Metformin is Big Pharma’s pride and joy when it comes to diabetes. Over 86 million Americans use the drug to try to control their blood sugar.Weight-loss drug. This pill is being touted as a “wonder drug” by doctors in the anti-aging community. My colleagues seem surprised when I say I don’t prescribe it. Short-term, drugs can be a lifesaver. But long-term, the track record is not so good. Long term, like so many of Big Pharma’s “cures,” metformin creates more problems than it solves. Patients often stay on this drug for 10 years… 20 years… and more. That’s a long time to be on any drug. And over the long haul, it takes a real toll on people and their health. For one thing, metformin interferes with your body’s ability to absOrb vitamin B12. In fact, a recent study reported that up to 30% of metformin users are deficient in this life-saving nutrient.1 Further studies show that the longer you take it and the higher your dose, the lower your B12 levels are.2But it’s not just diabetics who take metformin. The pill is prescribed off-label for those with prediabetes and fertility issues caused by ovary cysts. Some doctors even recommend it as a
That’s tragic because B12 is critical to your health and plays numerous roles in the body. Here are just some of them:
- Improves heart health by lowering homocysteine and high blood pressure3
- Increases energy levels and reduces fatigue4
- Prevents memory loss and slows the rate of cognitive decline5
- Supports bone health and lowers the risk of osteoporosis6
- Protects vision loss from macular degeneration7
- Slashes risk of depression by 50%8
- Maintain nervous system and relieves neuropathic pain9
- Boosts red blood cell count to prevent anemia10
- Improves the health of hair, skin, and nail
With such incredible health benefits, you see why keeping your B12 levels high is important.N if you’re not taking metformin, there’s a good chance your B12 levels are not up to par. Here’s why… As you age, your digestive tract no longer produces an enzyme called “intrinsic factor.” And you need that enzyme to absorb vitamin B12 from your gut. That’s why studies show as many as 50% of people over 65 have low B12.11 Sadly, mainstream doctors don’t pay enough attention to vitamins. They rarely check your B12 levels. But in my practice, I recommend a simple B12 blood test for most patients. Testing labs say normal B12 levels are between 150 and 350 pg/mL. But I find patients at that level have clear symptoms of a deficiency. I recommenD keeping your level above 450 pg/mL.But eve
3 Easy Ways to Boost Your Vitamin B12
Not getting enough B12 can lead to serious health consequences. Here’s how I help my patients improve their levels easily:
1. Eat a primal diet.
The highest levels of B12 are found almost Exclusively in foods like beef, lamb, salmon, sardines, shrimp, poultry, and eggs. But the best source is beef liver. One serving contains 70 mcg.
While you can get B12 from grain-fed animals, there are a million other reasons to choose grass-fed meats. Grain-fed animals lack dozens of important nutrients your body needs. They’re also pumped full of antibiotics and hormones that your body doesn’t need.
2. Take a B12 supplement.
It’s hard to get what you need from food. I find most of my patients need to supplement.
Most nutritionists say adults only need 2.4 micrograms (mcg) per day. That’s way too low. I recommend at least 1,000 mcg per day
I don’t suggest taking B12 capsules. Your body won’t absorb it. Look for drops, sprays, or lozenges. These allow the capillaries and small blood vessels in your mouth to quickly absorb the B12. Then they deliver it to your circulatory system, tissues, and cells. It bypasses the gut where your B12 absorption is low.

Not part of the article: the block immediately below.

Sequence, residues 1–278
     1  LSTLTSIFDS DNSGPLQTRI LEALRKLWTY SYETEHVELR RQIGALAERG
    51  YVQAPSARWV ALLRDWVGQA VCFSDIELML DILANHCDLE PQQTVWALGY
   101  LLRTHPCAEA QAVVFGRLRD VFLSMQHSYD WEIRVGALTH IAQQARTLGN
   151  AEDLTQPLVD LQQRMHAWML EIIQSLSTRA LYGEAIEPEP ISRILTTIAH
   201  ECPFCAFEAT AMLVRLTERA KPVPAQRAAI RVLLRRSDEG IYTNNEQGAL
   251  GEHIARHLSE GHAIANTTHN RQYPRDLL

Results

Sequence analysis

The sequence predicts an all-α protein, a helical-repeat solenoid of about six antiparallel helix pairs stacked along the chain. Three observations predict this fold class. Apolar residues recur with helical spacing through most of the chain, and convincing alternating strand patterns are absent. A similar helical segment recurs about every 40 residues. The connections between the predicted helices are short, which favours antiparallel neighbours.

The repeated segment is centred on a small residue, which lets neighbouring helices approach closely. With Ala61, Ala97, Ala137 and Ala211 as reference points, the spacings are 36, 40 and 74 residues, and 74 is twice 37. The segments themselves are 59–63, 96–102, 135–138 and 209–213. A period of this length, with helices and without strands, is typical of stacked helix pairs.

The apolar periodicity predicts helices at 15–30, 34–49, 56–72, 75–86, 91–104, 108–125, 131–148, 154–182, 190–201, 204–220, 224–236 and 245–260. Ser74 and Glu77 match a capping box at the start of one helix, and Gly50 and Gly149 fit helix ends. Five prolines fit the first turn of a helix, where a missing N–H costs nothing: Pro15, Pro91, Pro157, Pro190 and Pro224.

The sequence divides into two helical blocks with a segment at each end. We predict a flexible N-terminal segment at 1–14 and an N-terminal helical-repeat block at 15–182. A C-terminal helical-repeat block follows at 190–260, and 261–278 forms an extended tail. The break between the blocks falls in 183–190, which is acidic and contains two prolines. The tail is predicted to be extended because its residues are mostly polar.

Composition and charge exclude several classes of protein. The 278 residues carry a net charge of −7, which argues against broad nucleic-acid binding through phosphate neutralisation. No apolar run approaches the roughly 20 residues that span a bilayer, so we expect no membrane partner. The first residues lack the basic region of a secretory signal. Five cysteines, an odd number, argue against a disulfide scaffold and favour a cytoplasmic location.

3. Get the shot.
Here at the Sears Institute for Anti-Aging Medicine, I offer intravenous B12 injections. The shots are a good option if you have trouble absorbing B12. They bypass the gut and go diRectly into the bloodstream.
If you’d like more information about B12 injections, just call my staff at 561-784-7852 to get the details. They’re happy to answer any questions.
To Your Good Health,
Al Sears, MD, CNS
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1. Kim J, et al. “Association between metformin dose and vitamin B12 deficiency in patients with type 2 diabetes.” Medicine (Baltimore). 2019 Nov; 98(46): e17918.2. Sato Y, et al. “Relationship between metformin use, vitamin B12 deficiency, hyperhomocysteinemia and vascular complications in patients with type 2 diabetes.” Endocr J 2013;60:1275–80. 3. Elias M, Brown C. “New Evidence for Homocysteine Lowering for Management of Treatment-Resistant Hypertension.” Am J Hyperten. 2022;35(4):303-305. 4. Huijts M, et al.“Association of vitamin B12 deficiency with fatigue and depression after lacunar stroke.” PLoS One. 2012;7(1):e30519. 5. Ueno A, et al. “Influences of Vitamin B12 Supplementation on Cognition and Homocysteine in Patients with Vitamin B12 Deficiency and Cognitive Impairment.” Nutrients. 2022 Apr; 14(7): 1494. 6. Stone K, et al. “Low serum vitamin B-12 levels are associated with increased hip bone loss in older women: a prospective study.” J Clin Endocrinol Metab. 2004 Mar;89(3):1217-21. 7. Christen W, et al .” Folic Acid, Vitamin B6, and Vitamin B12 in Combination and Age-related Macular Degeneration in a Randomized Trial of Women.” Arch Intern Med. 2009 Feb 23; 169(4): 335–341. 8. Pennix B, et al. “Vitamin B(12) deficiency and depression in physically disabled older women: epidemiologic evidence from the Women’s Health and Aging Study.” Am J Psychiatry. 2000 May;157(5):715-21. 9. Julien T, et al. “B12 as a Treatment for Peripheral Neuropathic Pain: A Systematic Review.” Nutrients. 2020 Aug; 12(8): 2221. 10. Langan R, Goodbred A. “Vitamin B12 Deficiency: Recognition and Management.” Am Fam Physician. 2017 Sep 15;96(6):384-389. 11. Andres E, et al. “Vitamin B12 (cobalamin) deficiency in elderly patients.” CMAJ. 2004 Aug 3; 171(3): 251–259.